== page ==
Involve players in commission debates, says union

The Premier Soccer League (PSL) should involve players’ unions in their deliberations on commission for television and sponsorship, the South African Football Players’ Union (Safpu) said on Wednesday.

“Should the union be in a position to carry out its programmes through the money from the broadcasting rights, then the issue of players being labelled as people who cannot handle their affairs will be drastically minimised,” said Safpu national organiser Cappy Matutoane.

“Players like Patrick Mbuthu and Thabo Mngomeni have lost close to R1-million after their teams were sold, and with money from the television rights these players can get something to keep the fires burning,” he said.

The PSL has come under fire this week over claims that it intends paying internal negotiators 10% commissions on a R1,6-billion television rights deal and a R500-million sponsorship deal.

After an emergency executive meeting on Tuesday, PSL chairperson Irvin Khoza denied that this was the case, explaining that no firm decision had been reached yet on whether to pay commission and how this would be done.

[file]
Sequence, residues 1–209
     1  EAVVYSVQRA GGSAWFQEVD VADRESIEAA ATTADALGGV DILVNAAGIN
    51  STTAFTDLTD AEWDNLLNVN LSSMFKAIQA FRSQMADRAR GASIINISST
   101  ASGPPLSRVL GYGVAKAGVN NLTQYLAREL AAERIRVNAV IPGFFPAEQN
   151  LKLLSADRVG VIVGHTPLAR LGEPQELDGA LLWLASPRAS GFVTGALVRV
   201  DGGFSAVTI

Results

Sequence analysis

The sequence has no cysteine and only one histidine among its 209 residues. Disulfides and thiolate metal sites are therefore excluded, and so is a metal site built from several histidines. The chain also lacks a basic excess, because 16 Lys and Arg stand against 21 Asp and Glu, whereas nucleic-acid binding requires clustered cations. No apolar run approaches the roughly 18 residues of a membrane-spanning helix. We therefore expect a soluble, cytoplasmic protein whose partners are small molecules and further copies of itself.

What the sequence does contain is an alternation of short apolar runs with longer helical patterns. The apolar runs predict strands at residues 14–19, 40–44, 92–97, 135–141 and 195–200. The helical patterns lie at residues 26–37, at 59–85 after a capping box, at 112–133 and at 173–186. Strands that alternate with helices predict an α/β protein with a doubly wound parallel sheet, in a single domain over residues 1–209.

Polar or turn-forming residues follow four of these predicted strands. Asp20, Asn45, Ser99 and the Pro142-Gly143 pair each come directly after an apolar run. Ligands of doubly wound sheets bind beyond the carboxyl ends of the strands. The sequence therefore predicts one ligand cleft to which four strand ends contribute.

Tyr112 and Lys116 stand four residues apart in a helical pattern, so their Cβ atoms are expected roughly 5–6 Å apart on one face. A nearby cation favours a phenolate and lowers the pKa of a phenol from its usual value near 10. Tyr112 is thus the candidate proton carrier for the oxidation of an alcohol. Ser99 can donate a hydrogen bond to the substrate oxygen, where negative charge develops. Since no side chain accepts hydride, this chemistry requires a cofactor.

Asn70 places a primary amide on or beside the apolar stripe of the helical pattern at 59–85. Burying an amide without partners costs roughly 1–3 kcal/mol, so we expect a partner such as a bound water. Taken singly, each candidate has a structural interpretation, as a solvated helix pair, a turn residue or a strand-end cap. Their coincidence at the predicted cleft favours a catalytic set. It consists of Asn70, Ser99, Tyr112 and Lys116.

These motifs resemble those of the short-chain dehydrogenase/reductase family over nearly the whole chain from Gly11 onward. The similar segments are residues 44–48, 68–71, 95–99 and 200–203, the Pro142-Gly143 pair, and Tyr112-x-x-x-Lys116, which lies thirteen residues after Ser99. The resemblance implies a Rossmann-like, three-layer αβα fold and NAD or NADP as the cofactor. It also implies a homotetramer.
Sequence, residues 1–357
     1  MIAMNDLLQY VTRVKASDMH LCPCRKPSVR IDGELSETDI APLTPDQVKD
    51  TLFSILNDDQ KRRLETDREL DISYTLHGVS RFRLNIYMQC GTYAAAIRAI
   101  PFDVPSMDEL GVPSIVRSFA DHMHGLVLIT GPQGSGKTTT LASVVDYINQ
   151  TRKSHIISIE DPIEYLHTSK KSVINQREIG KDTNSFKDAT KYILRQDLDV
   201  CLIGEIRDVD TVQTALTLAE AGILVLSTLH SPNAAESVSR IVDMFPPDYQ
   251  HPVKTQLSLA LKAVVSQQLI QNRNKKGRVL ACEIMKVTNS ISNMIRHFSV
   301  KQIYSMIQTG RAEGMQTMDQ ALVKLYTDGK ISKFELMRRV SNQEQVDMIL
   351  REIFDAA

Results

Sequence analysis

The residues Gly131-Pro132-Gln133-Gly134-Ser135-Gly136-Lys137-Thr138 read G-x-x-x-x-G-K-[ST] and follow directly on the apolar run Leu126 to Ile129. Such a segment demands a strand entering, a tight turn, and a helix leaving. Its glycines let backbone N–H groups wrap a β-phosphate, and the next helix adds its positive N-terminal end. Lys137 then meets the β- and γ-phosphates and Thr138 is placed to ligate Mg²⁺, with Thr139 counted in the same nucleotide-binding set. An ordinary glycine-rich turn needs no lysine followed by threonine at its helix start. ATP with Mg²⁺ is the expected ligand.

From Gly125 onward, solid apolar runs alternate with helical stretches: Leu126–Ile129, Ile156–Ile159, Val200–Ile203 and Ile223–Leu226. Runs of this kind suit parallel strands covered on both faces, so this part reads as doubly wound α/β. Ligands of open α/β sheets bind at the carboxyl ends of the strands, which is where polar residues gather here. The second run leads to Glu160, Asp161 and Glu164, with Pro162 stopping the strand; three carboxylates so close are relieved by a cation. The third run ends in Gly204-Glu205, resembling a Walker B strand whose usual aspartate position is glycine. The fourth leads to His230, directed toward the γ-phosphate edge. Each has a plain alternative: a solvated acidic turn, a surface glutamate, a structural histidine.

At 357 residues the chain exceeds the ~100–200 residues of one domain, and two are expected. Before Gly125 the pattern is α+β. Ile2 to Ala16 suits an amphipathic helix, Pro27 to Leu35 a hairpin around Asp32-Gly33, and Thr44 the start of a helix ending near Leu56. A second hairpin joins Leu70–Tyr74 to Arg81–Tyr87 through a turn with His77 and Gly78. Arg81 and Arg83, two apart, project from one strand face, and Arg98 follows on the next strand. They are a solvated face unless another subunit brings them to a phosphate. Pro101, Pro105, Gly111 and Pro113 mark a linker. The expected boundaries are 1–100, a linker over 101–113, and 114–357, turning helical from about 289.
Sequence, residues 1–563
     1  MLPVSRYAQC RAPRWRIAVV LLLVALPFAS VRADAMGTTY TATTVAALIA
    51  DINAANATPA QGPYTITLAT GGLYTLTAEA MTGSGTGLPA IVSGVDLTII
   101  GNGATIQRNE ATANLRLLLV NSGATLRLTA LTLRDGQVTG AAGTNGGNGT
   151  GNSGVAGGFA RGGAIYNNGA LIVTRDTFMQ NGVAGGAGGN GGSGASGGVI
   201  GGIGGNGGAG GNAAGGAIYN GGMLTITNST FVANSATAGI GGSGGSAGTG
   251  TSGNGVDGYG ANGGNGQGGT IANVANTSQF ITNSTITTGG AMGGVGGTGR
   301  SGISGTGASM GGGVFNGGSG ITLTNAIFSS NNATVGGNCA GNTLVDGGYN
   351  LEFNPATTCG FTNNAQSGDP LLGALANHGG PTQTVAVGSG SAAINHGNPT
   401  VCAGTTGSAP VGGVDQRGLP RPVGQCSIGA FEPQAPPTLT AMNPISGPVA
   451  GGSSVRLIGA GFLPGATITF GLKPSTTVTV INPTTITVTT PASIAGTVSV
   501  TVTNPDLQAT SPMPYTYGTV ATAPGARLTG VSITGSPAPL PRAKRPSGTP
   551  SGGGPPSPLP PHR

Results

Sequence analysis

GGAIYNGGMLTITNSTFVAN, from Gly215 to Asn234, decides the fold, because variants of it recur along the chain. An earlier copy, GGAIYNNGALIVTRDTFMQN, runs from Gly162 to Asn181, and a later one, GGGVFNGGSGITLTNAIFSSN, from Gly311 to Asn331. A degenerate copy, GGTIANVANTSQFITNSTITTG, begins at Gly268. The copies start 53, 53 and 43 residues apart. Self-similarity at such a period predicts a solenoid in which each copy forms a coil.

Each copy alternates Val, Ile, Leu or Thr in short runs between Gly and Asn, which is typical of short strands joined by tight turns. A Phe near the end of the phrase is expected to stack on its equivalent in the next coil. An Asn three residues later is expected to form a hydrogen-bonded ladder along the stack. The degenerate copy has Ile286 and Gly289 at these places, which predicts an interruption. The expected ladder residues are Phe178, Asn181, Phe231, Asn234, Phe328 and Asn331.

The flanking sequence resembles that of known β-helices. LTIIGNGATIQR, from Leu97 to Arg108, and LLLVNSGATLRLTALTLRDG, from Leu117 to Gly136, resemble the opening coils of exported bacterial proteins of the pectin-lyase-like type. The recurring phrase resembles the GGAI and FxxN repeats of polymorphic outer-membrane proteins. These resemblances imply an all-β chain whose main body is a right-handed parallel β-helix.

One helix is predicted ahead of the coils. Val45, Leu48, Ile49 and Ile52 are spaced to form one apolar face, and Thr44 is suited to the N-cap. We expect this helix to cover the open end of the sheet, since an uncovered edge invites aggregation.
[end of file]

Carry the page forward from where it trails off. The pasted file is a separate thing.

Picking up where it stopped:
Whatever the decision, “no executive committee member will be entitled to commission”, he said.

Welcoming his explanation, Safpu said it did not have “any problem” with people getting or not getting commission.

However, it believed the money could best be used to advance players’ programmes being carried out by the union.

These included an HIV/Aids programme, life skills and financial management programmes, said spokesperson Elvis Sekgobela.

“The union has also identified the need to have a pension/provident fund scheme, which is very important to the players after their retirement,” he said.

“This is why we have been advocating that through the percentage the union is to get on television broadcasting rights, it can be in a position to implement and sustain such projects.”

In an open letter on Sunday, Finance Minister Trevor Manuel slammed as “morally reprehensible and corrupt” the possible payment of commission to soccer officials involved in the two deals.

“My understanding is that individuals are elected on to the league’s various committees to serve the interests of the sport, not in the expectation of acquiring personal fortunes to the detriment of the organisation they are representing,” Manuel wrote.—Sapa

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